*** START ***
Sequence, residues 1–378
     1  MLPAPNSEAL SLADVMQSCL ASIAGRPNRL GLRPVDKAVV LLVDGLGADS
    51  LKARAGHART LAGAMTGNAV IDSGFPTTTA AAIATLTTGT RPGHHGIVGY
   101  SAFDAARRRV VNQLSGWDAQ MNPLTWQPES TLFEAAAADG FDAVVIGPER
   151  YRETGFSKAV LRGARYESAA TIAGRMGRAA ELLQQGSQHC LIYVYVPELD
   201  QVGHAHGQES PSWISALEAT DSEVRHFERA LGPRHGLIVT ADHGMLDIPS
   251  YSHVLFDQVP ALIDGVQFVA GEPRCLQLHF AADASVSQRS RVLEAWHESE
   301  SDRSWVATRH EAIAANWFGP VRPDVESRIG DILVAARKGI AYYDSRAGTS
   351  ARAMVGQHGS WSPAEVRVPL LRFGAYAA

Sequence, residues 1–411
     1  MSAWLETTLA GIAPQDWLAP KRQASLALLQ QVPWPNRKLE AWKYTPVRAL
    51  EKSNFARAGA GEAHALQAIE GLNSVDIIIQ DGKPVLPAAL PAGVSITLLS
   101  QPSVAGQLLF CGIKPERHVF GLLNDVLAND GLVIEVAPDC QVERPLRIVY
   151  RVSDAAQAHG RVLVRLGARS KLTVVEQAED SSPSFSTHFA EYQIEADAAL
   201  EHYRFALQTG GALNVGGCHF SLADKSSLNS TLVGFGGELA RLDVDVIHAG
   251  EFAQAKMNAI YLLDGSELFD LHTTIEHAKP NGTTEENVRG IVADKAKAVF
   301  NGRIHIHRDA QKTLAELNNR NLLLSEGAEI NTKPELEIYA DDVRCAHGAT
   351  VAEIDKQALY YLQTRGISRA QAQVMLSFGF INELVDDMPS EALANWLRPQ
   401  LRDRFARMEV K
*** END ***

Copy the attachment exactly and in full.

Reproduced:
Sequence, residues 1–378
     1  MLPAPNSEAL SLADVMQSCL ASIAGRPNRL GLRPVDKAVV LLVDGLGADS
    51  LKARAGHART LAGAMTGNAV IDSGFPTTTA AAIATLTTGT RPGHHGIVGY
   101  SAFDAARRRV VNQLSGWDAQ MNPLTWQPES TLFEAAAADG FDAVVIGPER
   151  YRETGFSKAV LRGARYESAA TIAGRMGRAA ELLQQGSQHC LIYVYVPELD
   201  QVGHAHGQES PSWISALEAT DSEVRHFERA LGPRHGLIVT ADHGMLDIPS
   251  YSHVLFDQVP ALIDGVQFVA GEPRCLQLHF AADASVSQRS RVLEAWHESE
   301  SDRSWVATRH EAIAANWFGP VRPDVESRIG DILVAARKGI AYYDSRAGTS
   351  ARAMVGQHGS WSPAEVRVPL LRFGAYAA

Sequence, residues 1–411
     1  MSAWLETTLA GIAPQDWLAP KRQASLALLQ QVPWPNRKLE AWKYTPVRAL
    51  EKSNFARAGA GEAHALQAIE GLNSVDIIIQ DGKPVLPAAL PAGVSITLLS
   101  QPSVAGQLLF CGIKPERHVF GLLNDVLAND GLVIEVAPDC QVERPLRIVY
   151  RVSDAAQAHG RVLVRLGARS KLTVVEQAED SSPSFSTHFA EYQIEADAAL
   201  EHYRFALQTG GALNVGGCHF SLADKSSLNS TLVGFGGELA RLDVDVIHAG
   251  EFAQAKMNAI YLLDGSELFD LHTTIEHAKP NGTTEENVRG IVADKAKAVF
   301  NGRIHIHRDA QKTLAELNNR NLLLSEGAEI NTKPELEIYA DDVRCAHGAT
   351  VAEIDKQALY YLQTRGISRA QAQVMLSFGF INELVDDMPS EALANWLRPQ
   401  LRDRFARMEV K